Can you legally pay someone less than minimum wage in New Zealand?

COVID-19 has posed some tricky legal questions

Can you legally pay someone less than minimum wage in New Zealand?

New Zealand’s minimum wage experienced a bump earlier this year, benefitting a predicted 175,500 workers across the country.

In March, Prime Minister Jacinda Ardern announced that one of the Labour government’s key manifesto pledges would come into effect from April 1, 2021, increasing the current minimum wage rate from $18.90 to $20 an hour.

All employees aged 16 years and older must be paid at least minimum wage for every hour worked, but there are a handful of exceptions.

Starting-out minimum wage and training minimum wage

These variations in the minimum wage aim to make it easier for young people to secure their first opportunity in the workplace, before advancing to adult minimum wage after six months of continuous employment. Those on training wages are likely to be apprentices, but will only be eligible if they’re taking part in approved industry training programmes, rather than simply being trained on the job. As of April 1 2021, training and starting-out minimum wage are both $16 an hour.

Employers may pay a starting-out minimum wage to workers who are:

  • 16 or 17 years old and have not completed six months of continuous employment service with their current employer.
  • 18 and 19, who have been paid one or more social security benefits for six months or more, and who haven’t completed six months’ continuous employment with an employer since they started being paid a benefit
  • 16-19-year-old employees whose employment agreement states they have to undertake industry training for at least 40 credits a year in order to become qualified in the area they are working in

A training minimum wage applies to employees who are:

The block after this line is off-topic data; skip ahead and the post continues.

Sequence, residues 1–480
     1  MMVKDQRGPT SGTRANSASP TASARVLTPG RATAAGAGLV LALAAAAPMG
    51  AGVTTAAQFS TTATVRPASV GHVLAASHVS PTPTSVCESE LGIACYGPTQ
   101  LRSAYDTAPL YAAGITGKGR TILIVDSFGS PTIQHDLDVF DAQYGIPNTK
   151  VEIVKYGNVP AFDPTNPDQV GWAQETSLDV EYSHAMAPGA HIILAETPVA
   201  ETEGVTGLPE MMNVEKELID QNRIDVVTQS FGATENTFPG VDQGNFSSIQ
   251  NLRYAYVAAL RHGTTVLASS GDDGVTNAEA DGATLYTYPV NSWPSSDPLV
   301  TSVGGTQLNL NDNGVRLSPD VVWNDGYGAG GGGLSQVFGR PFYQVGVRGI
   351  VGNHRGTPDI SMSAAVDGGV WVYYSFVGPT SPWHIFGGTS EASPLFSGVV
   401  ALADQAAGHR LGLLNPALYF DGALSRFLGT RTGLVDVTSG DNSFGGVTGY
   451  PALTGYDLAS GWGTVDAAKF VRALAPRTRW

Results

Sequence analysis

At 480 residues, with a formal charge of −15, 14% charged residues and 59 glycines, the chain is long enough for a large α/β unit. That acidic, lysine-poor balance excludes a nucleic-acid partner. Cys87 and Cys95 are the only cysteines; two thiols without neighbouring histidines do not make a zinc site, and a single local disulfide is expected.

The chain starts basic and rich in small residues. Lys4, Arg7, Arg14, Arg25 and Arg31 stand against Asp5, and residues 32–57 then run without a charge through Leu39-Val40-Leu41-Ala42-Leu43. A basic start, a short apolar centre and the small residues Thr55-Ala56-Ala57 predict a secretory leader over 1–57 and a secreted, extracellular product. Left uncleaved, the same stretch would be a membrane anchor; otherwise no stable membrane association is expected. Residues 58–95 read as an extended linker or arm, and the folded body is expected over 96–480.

• aged 20 years or over whose employment agreement states that they have to do at least 60 credits a year of an industry training programme to become qualified in the area they are working in.

Read more: How to legally terminate redundant employees

Minimum wage exemptions

Aside from those training or starting-out their careers, a small number of people with a disability may be issued exemption permits by labour inspectors. These allow them to be paid less than minimum wage if they’re not able to carry out all the requirements of the job.

Employees under 16

Under NZ’s labour law, there is no minimum wage for workers aged under 16, however standard employment rights and obligations do still apply.

Minimum wage and COVID-19

As a result of the pandemic, disputes surrounding fair pay have made their way into New Zealand’s Employment Relations Authority and Court. In Gate Gourmet New Zealand Ltd v Sandhu, workers at the airline catering company argued they should have been paid minimum wage because they were ready, willing and able to work, even while the business was partially closed during New Zealand’s initial lockdown and they were not given shifts.

Under the Minimum Wage Act, if an employee is ready, willing and able to work but their shift is cancelled by the employer without notice, in most cases they are still entitled to be paid unless otherwise stated in the employment agreement.

Read more: $33K award for NZ café worker

The employees were paid 80% of their normal salary so for those on minimum wage, it was reduced to below the statutory rate. The five employees took their case to the Employment Relations Authority before an appellate decision was made in the Employment Court.

The Court ruled that for the purposes of the Minimum Wage Act, being ready, willing and able to work is not the same as working, and therefore, the employees were not entitled to be paid minimum wage.

However interestingly, the Chief Judge in the ruling disagreed, arguing that the employees’ inability to work was through no fault of their own and there is no lawful mechanism to reduce minimum wage. She said the decision contradicted the common law rule of the Minimum Wage Act, impacting those hardest hit by the pandemic.

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